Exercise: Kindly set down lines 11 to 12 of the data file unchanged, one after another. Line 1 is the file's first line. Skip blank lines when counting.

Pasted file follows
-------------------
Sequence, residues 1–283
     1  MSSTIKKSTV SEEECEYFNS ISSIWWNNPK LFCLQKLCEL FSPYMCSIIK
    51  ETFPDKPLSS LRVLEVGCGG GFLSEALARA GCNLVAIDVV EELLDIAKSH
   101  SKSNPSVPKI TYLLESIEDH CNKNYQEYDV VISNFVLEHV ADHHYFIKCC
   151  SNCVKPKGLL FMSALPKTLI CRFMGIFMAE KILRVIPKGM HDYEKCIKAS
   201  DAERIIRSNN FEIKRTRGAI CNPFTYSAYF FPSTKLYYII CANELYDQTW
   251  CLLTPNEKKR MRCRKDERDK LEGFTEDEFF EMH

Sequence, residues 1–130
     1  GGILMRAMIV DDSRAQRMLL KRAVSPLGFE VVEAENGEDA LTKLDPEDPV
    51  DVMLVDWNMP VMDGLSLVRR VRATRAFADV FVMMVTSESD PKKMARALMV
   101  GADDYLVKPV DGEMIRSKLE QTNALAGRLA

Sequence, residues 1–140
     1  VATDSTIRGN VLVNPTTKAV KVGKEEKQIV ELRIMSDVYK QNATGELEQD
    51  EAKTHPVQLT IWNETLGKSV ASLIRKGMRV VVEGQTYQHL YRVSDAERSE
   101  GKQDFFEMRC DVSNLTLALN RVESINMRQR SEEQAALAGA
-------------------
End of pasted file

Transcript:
   101  GADDYLVKPV DGEMIRSKLE QTNALAGRLA

Sequence, residues 1–140